A court in the United Arab Emirates sentenced a man to 10 months in jail on Monday after he tweeted details of the trial of his father and 93 other people accused of plotting to seize power in the Gulf Arab state, an Emirati activist said.
Human Rights Watch (HRW) said last week that Abdulla al-Hadidi was arrested on March 21 on charges of publishing "in bad faith" false details of a public trial session on the Internet.
The day before the arrest, officials from the Federal Supreme Court in Abu Dhabi had informed Hadidi and several other relatives of the defendants family members would no longer be allowed to attend the trial, HRW said.
Rights groups urged UAE authorities to grant full public access to the trial. A source close to the UAE government has said the trial was taking place in a "very transparent manner".
UAE newspapers have said the defendants belong to al-Islah, a local Islamist group which says it wants peaceful reform.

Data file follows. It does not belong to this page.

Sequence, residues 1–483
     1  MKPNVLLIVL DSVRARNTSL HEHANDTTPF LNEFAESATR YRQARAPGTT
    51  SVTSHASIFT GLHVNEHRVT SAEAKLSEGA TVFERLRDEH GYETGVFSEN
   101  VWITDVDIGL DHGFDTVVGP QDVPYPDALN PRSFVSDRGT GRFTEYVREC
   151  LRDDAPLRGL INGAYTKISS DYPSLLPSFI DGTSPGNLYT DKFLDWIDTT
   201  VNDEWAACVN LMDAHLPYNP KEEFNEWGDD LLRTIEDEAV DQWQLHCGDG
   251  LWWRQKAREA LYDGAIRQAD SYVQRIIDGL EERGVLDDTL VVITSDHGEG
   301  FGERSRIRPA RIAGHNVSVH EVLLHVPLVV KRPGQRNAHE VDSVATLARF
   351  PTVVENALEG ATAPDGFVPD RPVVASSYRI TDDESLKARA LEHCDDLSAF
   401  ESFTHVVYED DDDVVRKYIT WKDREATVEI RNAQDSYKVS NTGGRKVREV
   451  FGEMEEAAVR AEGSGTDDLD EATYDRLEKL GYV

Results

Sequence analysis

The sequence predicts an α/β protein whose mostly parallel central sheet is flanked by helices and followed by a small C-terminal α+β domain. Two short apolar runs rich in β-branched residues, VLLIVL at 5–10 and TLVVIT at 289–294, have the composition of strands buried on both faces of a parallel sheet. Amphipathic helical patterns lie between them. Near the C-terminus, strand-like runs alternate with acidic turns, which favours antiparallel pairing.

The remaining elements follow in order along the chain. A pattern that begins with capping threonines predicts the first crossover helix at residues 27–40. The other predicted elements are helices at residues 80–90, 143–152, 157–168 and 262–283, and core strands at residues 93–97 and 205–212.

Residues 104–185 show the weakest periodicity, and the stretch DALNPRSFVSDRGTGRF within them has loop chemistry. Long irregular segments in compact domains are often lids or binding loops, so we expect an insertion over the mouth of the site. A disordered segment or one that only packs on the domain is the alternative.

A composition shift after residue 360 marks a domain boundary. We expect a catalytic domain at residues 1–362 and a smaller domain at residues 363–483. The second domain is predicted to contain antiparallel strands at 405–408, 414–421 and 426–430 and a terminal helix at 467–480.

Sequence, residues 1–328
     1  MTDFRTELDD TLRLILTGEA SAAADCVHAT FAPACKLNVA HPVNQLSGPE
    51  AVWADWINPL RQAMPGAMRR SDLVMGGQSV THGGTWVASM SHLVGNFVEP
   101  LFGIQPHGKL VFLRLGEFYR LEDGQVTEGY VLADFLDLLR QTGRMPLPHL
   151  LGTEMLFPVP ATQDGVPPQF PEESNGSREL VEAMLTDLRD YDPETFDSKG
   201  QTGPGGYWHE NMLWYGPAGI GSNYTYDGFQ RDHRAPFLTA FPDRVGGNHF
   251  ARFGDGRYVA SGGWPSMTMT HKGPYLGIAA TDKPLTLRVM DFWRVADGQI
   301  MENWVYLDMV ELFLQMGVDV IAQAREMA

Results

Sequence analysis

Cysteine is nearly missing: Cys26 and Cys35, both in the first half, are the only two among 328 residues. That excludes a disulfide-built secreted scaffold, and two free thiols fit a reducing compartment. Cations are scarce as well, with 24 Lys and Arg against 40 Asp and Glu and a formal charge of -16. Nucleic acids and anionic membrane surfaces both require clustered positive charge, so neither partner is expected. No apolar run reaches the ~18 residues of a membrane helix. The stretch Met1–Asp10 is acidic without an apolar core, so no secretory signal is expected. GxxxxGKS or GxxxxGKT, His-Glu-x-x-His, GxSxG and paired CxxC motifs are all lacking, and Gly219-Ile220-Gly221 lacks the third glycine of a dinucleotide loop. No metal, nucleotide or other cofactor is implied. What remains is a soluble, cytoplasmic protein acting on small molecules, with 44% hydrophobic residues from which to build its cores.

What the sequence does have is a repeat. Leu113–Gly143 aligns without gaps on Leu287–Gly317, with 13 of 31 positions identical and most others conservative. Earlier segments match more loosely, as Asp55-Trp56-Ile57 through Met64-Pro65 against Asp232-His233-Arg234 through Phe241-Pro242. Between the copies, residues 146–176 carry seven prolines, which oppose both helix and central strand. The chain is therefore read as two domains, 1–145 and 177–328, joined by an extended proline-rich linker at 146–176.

Emirati activist Ahmed Mansoor said the Abu Dhabi court found Hadidi guilty of publishing on Twitter "with bad intent" what happened at the hearing. But the court acquitted him of using force and violence with public officials during the trial.
Mansoor, who said he had spoken to one of the lawyers involved in the case, told Reuters Hadidi's attorney would appeal the sentence.
A source close to the UAE government said it "is not our practice to comment on court deliberations and rulings".
The state news agency WAM in January quoted the attorney general, Salem Saeed Kubaish, as saying that members of the group had sought to penetrate institutions of the state, including schools, universities and ministries.
The defendants are accused of "belonging to an illegal, secret organisation ... that aims to counter the foundations of this state in order to seize power and of contacting foreign entities and groups to implement this plan," WAM said.